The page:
Nearly one out of four homeowners offered help under the Obama administration's mortgage modification drive have fallen out of the program so far, according to Treasury data released Monday.

The monthly report on the Home Affordable Modification Program showed that about 1.2 million trial modifications had been started under the plan and about 281,000 homeowners had been dropped by the end of April.

Under Hamp, which was launched in early 2009, homeowners are first offered trial modifications. If they make the payments and satisfy other criteria, those trial modifications are made "permanent," ensuring a cut in payments for five years.

At the end of April, about 295,000 homeowners had been given permanent modifications, up 30% from a month earlier. The number of borrowers in trials was down 18% from a month earlier, to 637,000. Many people have been eliminated during the trials because they failed to make payments or did not provide documents on their income and assets to show that they qualified for the program.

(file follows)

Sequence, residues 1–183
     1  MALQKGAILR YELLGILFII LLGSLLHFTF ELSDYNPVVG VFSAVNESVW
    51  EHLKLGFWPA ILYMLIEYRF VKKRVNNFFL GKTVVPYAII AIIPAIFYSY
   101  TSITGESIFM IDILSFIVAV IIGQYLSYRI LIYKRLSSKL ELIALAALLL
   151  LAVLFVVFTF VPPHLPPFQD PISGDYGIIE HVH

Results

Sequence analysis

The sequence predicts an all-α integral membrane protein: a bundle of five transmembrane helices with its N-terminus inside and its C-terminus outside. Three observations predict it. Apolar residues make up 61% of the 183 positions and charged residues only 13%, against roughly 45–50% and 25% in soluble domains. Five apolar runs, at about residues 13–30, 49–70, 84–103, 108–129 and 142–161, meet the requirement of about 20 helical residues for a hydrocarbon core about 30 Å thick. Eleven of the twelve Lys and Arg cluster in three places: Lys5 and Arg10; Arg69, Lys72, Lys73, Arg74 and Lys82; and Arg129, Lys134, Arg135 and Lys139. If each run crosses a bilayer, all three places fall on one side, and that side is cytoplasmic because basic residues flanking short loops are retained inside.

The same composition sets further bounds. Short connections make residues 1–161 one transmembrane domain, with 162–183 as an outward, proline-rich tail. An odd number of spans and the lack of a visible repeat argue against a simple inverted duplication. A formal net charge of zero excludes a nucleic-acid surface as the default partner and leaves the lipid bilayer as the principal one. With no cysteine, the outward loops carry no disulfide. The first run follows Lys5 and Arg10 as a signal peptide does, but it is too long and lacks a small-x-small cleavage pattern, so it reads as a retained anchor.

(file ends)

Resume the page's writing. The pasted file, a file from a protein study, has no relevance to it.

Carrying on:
Even after getting a mortgage modification, many borrowers are still awash in debt. Borrowers who have received modifications were spending a median of 64% of their pretax income on total debt payments at April 30, the Treasury Department said. Those debt payments include mortgages, property taxes and insurance, homeowners association or condo fees and payments on credit cards, car loans and alimony.

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